US 298287 A
Description (OCR text may contain errors)
I (No Model.)
J. COQHRAN J. O. MILLIGAN.
BNAMELED IRON WA$H BASIN.
No. 298,287. Patented May 6, 1884.
WITNESSES I INVENTOR3 James L'oc/zran. %Zj By their Attorneys Jokna Milk-fan NTTTED STATES V PATENT FFICE.
JAMES OOOHRAN, OF NEIV LOTS, AND JOHN C. MILLIGAN, OF BROOKLYN, ASSIGNORS TO THE LALANOE & GROSJEAN MANUFACTURING COMPANY,
OF NEYV YORK, N. Y.
ENAMELED' IRON WASH-BASIN.
SPECIFICATION forming part of Letters Patent No. 298,287, dated May 6, 1884.
Application filed October 30, 1883.
To all whom it may concern.-
Be it known that we, JAMES COOHRAN and JOHN G. llIILLIGAN, citizens of the United States, residing, respectively, in New Lots and in Brooklyn, in the county ofKings and State of New York, have invented certain new and useful Improvements in Enameled Iron ash- Basins, of which the following is a specification.
In the manufacture of enameled wash-basins it has been found a matterof very great difficulty to devise some suitable and convenient means whereby the vessel can be hung up when not wanted for actual use. The difficulties to I 5 be overcome arise from the fact that the enamel-glaze, which must necessarily cover the whole surface of the vessel, needs to remain as long as possible unbroken. Solder will not adhere to it. nor can anything be fastened to the vessel, after the process of enameling, that requires severe hammering, for this breaks the enamel. If a simple hole is made in the vessel near its edge before enameling, the edges of the hole will become covered with the glaze. Then, if the vessel is hung upon a nail or other similar thing, the enameling in or about the edges of the hole soon becomes broken. After this has taken place rust quickly follows on the metal exposed by the broken enamel, and the appearance and usefulness of the vessel are very greatly injured. The same thing may be said of any kind of ware of which sheet-iron is the basis and which has a covering to preserve the article from rust and corrosion.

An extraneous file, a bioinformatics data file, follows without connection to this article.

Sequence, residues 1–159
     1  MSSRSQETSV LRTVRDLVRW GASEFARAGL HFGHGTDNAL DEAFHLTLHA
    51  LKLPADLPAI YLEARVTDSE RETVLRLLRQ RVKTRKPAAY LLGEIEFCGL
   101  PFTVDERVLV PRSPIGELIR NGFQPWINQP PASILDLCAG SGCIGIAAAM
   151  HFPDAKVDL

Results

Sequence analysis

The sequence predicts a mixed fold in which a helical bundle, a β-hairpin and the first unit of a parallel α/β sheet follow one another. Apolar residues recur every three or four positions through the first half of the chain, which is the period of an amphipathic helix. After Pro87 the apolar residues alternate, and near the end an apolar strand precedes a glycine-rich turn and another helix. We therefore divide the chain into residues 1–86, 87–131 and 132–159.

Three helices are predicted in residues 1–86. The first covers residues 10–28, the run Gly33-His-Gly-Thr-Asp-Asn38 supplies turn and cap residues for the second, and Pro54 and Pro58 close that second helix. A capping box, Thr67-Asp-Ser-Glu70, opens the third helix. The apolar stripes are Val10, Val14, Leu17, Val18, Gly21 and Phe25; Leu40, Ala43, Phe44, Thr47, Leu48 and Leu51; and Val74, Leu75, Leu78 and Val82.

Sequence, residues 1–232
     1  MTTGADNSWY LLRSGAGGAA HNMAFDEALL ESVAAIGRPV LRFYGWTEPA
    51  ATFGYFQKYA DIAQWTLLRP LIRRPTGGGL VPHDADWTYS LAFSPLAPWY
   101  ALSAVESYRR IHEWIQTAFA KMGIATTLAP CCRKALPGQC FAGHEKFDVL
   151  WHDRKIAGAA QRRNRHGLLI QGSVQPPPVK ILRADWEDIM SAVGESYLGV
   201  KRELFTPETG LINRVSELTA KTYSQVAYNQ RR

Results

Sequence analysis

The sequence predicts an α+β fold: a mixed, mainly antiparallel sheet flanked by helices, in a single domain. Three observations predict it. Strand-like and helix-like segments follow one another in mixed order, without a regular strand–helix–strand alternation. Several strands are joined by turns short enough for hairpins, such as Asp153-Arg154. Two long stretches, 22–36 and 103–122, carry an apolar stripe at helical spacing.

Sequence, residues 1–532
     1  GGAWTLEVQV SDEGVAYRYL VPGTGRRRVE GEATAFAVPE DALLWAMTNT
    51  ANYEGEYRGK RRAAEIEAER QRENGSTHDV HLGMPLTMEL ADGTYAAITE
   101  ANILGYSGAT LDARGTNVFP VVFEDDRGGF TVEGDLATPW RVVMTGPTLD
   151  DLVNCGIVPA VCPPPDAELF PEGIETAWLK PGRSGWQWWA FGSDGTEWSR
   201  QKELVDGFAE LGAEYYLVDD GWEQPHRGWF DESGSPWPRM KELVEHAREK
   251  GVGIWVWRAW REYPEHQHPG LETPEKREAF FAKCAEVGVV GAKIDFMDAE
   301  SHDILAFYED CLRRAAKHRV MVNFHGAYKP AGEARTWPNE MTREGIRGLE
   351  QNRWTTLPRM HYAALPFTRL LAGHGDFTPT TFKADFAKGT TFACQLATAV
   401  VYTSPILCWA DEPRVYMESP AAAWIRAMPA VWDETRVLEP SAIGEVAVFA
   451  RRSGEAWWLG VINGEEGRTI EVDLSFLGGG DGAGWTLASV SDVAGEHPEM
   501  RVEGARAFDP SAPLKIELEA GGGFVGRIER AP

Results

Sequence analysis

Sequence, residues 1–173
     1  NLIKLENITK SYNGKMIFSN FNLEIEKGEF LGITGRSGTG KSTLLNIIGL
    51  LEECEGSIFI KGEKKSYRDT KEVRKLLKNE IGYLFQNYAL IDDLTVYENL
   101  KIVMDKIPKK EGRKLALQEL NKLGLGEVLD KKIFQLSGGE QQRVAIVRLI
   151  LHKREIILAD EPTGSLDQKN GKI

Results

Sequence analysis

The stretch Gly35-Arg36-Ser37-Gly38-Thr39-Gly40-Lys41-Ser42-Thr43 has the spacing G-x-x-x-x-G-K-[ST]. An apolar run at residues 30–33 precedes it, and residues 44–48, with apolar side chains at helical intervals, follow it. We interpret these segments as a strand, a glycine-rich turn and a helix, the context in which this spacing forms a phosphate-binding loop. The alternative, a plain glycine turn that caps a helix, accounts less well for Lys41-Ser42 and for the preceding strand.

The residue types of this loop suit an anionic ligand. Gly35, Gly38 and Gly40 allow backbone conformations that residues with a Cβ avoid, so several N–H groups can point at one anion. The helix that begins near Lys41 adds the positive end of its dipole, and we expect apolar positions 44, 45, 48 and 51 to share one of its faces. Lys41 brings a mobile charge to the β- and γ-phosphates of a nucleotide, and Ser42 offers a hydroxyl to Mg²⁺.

Our invention consists in forming an aperture near the edge of the vessel and inserting therein an eyelet or ring of sufficient size to allow the vessel to be hung upon an ordinary nail. IVe prefer to form an eyelet of brass or some similar, material which is so ductile that the end of the eyelet may beturned over upon the edges of the hole by a moderate pressure.
Brass or similar metal has been found preferable for the purpose, because the enamel-glaze 4 5 will not adhere to it. The eyelet may therefore be fastened to the vessel before enameling, and the glaze will then flow about the joint and effectually seal the eyelet and vessel together. This metal also is not liable to rust, which is an important matter, so that it is applicable to vessels covered with a non-corro- (No model.)
sive metal, as well as to those covered by enamel. of any metal, although soft metal is preferable, as it prevents the nail or other thing upon which the vessel is hung from breaking the enamel. The hole for the eyelet may be made after the enameling process by suitable means, and the ends of the eyelet may then be made to cover and finish the exposed and broken edges of the perforation through the enameling; or the holes maybe made before enameling and the eyelet may be applied after the enameling, according to the kind of metal used for the eyelet, or as may be found most convenient in practice of manufacture. Generally in enameled vessels it is preferable to make the hole before the coating is applied. In metal-coated vessels it may be done conveniently afterward.
In the accompanying drawings, Figure l is,
a perspective view of a basin; and Fig. 2 is an enlarged view of a section of the same, illustrating the application of our invention.
A represents the basin, B the aperture formed near its edge, and O the turned edge of the eyelet. I
It will be observed that in practice it is not easily practicable to apply an eyelet to a curved surface like the edge of the basin.
In order to secure the best results, we flatten the surface of the metal for a small space about the edge of the hole, for the reception of the eyelet, so that the turned ends of the eyelet will fit perfectly when turned over upon the surface.
IVe claim as our invention- 1. As a new article-of manufacture, a washbasin having a hole near its periphery and an eyelet inserted therein.
2. A wash-basin of iron coated with a noncorrosive substance and having a hole near its periphery, with an eyelet inserted therein.
In testimony whereof We have hereunto subscribed our names this 29th day of October, A. D. 1883.
JAMES GOOHRAN. JOHN c. MILLIGAN.
W. S. HOLBROOK, DANIEL W. EDencoMB.
The eyelet, however, may be formed